One of the cinema's most influential movies -- the one that launched a thousand cafe arguments -- is one you've probably never heard of, let alone seen.
"An Occurrence at Owl Creek Bridge," a short black-and-white film by the French director Robert Enrico, was made in 1962, as part of the filmmaker's trilogy of movies based on Civil War stories by Ambrose Bierce. The 25-minute film tells the story of a Southerner who's captured by Union forces as he prepares to blow up a bridge. They hang him from that same bridge, but the rope breaks, he plunges into the water and swims to safety and, eventually, home to his plantation and his beautiful wife. Just as they are about to embrace, however, the scene shifts to his neck being snapped by the noose: The entire episode was just a hallucination in the moment before his death.
"Occurrence" won the Oscar in 1964 for best short subject; when it was shown later on television as part of the final season of "The Twilight Zone," it also won an Emmy, making it the only movie to earn both awards, a record it still holds. Indeed, Enrico's film is an exquisite example of cinematic grammar being used at its most economical and efficient, but also at its most expressive, as the filmmaker juxtaposes his own taut editing with cinematographer Jean Boffety's lyrical visual imagery. The purity of the storytelling is brought into even sharper relief by the fact that the movie, except for lines spoken by a few soldiers at the beginning, is entirely silent.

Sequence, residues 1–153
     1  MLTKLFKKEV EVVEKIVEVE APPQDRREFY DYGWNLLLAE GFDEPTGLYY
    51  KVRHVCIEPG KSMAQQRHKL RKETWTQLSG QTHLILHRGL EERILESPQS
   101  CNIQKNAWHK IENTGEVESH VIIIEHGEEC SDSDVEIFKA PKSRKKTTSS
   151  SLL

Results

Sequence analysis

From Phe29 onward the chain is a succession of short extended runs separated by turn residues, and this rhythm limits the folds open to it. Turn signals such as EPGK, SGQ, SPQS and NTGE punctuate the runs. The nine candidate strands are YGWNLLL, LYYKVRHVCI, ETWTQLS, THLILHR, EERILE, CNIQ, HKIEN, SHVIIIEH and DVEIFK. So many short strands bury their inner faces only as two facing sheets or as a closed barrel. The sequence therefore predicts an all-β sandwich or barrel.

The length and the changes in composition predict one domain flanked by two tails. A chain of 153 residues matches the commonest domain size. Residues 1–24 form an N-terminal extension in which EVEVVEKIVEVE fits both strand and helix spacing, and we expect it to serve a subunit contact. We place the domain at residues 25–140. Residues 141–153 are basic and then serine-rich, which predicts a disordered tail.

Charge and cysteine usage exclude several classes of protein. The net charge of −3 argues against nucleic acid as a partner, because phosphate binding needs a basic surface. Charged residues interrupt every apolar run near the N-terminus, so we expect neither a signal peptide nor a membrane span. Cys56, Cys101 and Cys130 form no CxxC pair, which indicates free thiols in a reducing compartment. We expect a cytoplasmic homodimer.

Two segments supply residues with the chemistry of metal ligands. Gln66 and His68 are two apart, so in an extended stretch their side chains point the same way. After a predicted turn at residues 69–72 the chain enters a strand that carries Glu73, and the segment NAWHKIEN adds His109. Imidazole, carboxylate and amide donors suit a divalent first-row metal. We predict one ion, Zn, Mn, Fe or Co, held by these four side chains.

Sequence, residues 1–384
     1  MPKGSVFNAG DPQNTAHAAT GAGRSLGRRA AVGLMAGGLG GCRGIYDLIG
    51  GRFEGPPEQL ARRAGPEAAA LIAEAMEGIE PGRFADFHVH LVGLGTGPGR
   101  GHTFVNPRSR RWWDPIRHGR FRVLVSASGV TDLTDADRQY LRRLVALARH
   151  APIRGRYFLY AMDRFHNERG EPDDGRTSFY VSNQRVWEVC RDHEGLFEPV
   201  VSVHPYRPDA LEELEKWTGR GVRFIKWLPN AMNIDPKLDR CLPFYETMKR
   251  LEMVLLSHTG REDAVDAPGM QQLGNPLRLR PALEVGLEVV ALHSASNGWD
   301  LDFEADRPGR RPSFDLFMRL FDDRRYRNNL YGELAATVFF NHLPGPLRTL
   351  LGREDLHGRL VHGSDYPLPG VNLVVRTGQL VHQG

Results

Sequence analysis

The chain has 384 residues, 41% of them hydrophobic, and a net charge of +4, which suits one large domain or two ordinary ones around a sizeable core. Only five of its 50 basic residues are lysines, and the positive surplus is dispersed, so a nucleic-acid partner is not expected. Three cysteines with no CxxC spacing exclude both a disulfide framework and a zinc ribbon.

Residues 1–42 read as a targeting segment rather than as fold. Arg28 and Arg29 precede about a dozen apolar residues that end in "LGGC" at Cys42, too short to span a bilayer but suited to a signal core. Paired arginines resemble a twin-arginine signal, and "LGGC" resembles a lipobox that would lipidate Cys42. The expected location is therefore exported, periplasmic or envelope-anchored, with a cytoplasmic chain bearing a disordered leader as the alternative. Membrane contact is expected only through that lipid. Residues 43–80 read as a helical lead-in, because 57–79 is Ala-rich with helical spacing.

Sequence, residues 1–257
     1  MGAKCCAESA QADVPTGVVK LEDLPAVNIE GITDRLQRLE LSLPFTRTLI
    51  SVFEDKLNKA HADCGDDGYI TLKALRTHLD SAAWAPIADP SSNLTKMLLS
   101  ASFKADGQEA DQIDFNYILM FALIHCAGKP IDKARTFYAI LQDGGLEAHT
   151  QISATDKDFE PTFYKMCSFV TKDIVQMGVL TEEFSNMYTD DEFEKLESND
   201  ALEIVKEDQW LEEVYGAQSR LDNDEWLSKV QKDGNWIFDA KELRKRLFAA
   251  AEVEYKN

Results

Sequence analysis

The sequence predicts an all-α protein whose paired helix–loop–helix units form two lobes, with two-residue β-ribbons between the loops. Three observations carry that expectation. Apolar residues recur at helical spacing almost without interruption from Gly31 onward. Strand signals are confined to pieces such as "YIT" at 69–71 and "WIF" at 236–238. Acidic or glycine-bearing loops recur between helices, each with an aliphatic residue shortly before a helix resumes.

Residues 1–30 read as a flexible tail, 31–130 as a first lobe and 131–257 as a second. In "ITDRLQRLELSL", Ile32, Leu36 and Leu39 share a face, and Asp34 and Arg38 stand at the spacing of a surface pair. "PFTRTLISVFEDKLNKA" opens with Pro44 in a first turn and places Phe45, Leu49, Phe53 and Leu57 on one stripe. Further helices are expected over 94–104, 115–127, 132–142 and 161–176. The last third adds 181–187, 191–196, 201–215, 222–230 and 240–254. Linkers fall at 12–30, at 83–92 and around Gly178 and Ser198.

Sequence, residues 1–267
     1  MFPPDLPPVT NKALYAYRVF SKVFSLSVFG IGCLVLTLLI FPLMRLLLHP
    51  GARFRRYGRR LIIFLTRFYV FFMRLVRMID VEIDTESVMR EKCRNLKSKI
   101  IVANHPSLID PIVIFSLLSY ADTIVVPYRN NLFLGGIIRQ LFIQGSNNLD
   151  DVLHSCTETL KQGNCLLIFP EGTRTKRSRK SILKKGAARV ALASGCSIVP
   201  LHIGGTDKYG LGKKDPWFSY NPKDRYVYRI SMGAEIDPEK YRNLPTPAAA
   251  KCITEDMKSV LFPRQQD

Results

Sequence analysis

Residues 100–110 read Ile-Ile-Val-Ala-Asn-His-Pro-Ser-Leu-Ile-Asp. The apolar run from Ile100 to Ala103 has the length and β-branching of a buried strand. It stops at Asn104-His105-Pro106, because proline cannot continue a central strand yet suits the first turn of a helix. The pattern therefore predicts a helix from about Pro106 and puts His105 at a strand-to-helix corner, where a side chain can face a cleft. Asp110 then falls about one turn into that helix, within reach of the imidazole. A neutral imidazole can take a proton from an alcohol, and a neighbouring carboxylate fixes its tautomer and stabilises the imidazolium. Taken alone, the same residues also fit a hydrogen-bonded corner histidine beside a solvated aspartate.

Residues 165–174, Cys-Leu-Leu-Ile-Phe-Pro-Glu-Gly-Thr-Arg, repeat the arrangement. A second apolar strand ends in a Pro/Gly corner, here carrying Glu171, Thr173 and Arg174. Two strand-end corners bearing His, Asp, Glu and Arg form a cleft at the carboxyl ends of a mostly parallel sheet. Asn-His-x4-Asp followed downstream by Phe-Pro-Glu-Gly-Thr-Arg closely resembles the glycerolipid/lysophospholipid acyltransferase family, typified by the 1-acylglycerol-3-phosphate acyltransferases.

Although "An Occurrence at Owl Creek Bridge" has slipped into undeserved obscurity, being shown mostly in college film classes, anyone who's gone to the movies lately has seen an iteration of it. In 1990 Adrian Lyne remade it as "Jacob's Ladder," a feature-length thriller starring Tim Robbins. But fans of Martin Scorsese's "Last Temptation of Christ," M. Night Shyamalan's "Sixth Sense," Spike Lee's "25th Hour" and "Donnie Darko" -- the director's cut of the 2001 film opened in theaters Friday -- should check out what qualifies as the first and still-startling example of the plot twist those movies share.
Luckily, they can: "Occurrence" was released earlier this month on DVD (unfortunately, without Enrico's other Bierce adaptations, "Chickamauga" and "In the Midst of Life") after years of being hard to find on video. Viewers who dimly remember Enrico's movie from their school days will surely not be disappointed at how well it holds up, and newcomers are in for a treat that will definitely adjust their notions of what's new on-screen these days. As "An Occurrence at Owl Creek Bridge" proves, not much.